Jane Kennedy: I absolutely agree with everything that my hon. Friend has said. It is not within the Government's power to promise a successful end to decommissioning, or to any other aspect of the Belfast agreement. However, we have come a long way. Much has been achieved, and our work will continue.

Mr. Jeffrey M. Donaldson (Lagan Valley): The Minister will be aware of the growing disappointment in Northern Ireland, as we approach the fourth anniversary of the agreement, that we have not had further progress on decommissioning. What steps are the Government going to take to apply pressure on loyalist and republican paramilitary organisations to complete the decommissioning process? Is she aware that if the Government do not act, we will?

Jane Kennedy: I hear what the hon. Gentleman has said. He will know that we continue to work tirelessly towards achieving all the objectives set out in the agreement. That is our intention and our work is focused on that.

Mr. Quentin Davies (Grantham and Stamford): I wholeheartedly agree with the Minister that the Belfast agreement is the best basis for moving forward, and we all want complete decommissioning by both sides. However, after four years of unilateral and unlinked concessions in one direction, will the Government finally learn, after releasing all the prisoners without demanding any decommissioning at all and after crafting a special status for Sinn Fein-IRA MPs in this House and giving them the red carpet treatment in Downing Street, that making such concessions is not the right way forward, that appeasement does not lead to peace, and that there is a difference between the two?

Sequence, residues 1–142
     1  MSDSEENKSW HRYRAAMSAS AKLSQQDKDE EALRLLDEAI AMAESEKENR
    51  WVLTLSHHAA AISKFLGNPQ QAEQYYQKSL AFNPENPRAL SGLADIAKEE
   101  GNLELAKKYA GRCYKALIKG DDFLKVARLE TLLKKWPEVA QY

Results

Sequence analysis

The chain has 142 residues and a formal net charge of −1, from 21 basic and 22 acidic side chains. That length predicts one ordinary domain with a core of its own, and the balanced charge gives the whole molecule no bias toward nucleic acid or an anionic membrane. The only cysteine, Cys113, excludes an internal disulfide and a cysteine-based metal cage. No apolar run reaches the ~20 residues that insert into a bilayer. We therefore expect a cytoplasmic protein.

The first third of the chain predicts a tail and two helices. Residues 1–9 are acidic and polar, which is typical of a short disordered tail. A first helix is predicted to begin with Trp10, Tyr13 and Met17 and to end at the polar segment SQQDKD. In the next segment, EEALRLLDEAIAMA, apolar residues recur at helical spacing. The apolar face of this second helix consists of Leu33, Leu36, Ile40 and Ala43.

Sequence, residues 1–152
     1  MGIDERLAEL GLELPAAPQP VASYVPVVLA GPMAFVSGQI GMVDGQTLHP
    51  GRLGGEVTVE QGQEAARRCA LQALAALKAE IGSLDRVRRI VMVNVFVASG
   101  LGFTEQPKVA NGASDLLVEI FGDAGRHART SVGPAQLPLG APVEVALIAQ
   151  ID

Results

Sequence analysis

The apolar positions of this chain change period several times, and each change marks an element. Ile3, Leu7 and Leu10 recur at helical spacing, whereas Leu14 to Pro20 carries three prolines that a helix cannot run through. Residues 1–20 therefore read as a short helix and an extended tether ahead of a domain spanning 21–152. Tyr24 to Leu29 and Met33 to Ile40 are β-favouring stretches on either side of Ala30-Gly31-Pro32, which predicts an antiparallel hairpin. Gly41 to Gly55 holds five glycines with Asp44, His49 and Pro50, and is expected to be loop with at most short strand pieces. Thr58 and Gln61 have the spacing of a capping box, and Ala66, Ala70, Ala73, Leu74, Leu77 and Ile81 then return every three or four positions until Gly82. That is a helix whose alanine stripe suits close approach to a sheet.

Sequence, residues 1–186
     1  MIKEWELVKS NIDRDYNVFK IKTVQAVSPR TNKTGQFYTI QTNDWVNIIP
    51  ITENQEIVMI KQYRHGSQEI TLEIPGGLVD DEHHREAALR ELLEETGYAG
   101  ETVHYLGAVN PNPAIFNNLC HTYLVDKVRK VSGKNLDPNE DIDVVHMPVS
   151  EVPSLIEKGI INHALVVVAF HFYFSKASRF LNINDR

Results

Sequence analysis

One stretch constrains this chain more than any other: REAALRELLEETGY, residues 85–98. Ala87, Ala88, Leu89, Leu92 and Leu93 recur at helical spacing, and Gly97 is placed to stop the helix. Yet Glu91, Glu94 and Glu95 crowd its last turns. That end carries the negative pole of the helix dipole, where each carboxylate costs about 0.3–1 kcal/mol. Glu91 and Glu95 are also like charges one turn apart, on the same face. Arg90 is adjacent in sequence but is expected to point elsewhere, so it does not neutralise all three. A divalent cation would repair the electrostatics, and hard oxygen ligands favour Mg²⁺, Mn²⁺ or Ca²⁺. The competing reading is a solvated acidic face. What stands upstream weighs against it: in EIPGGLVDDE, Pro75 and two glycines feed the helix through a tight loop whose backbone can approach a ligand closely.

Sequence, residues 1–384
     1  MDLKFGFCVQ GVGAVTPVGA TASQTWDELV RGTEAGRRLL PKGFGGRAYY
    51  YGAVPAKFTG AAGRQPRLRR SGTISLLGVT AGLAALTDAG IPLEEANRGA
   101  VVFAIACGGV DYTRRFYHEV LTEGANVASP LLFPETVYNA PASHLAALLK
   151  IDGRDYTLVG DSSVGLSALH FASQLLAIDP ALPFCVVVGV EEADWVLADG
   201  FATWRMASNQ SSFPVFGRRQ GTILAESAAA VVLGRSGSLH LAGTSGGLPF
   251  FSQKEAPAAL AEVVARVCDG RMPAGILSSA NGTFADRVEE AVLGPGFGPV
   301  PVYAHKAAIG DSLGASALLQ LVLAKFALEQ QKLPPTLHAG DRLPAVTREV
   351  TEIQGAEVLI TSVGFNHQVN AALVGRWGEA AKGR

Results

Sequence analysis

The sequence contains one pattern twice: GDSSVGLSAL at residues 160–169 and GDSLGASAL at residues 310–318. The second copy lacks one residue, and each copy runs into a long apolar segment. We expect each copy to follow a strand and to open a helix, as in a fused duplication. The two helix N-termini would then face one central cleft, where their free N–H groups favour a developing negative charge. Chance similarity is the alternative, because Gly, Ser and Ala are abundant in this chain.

Jane Kennedy: I hear what the hon. Gentleman says. All aspects of the Belfast agreement must be implemented in full. None is conditional upon another. Everybody who has signed and is committed to that agreement needs to carry out their responsibilities under the agreement. Those paramilitary organisations that continue to cling to their illegal weapons need to learn that the only way forward is the true implementation of the agreement and the abandonment of weapons for good.

Mr. Davies: Does the hon. Lady realise that the fundamental lack of linkage is at the root of the problem of the Government's tactics and the reason why we have not made more progress? Does she accept that if her Government go forward with an unconditional amnesty for terrorists on the run, not only will there be revulsion, as the hon. Member for Belfast, North (Mr. Dodds) said, throughout both law-abiding communities in Northern Ireland, but the Government will reinforce the sense in Sinn Fein-IRA that they can get all the concessions they want while sitting on their hands and on their arms?

Jane Kennedy: We have seen massive advances in Northern Ireland, albeit often painful and even

20 Mar 2002 : Column 291

acrimonious at the time. In any context, that progress has been extraordinary. Enormous programmes of reform have been achieved—the Assembly, policing, criminal justice reforms and human rights—but the situation is not perfect. Hard decisions have still to come. We recognise the pain that victims and relatives feel, but as in many areas, we need to draw a line under the past and turn towards construction. Let no one belittle the significance of last autumn's decommissioning act. It was historic. It was a clear symbol of a major shift in attitudes towards constitutionalism, and the process must continue on all sides. Loyalists, too, need to play their part in bringing about a better future.

Next Section

IndexHome Page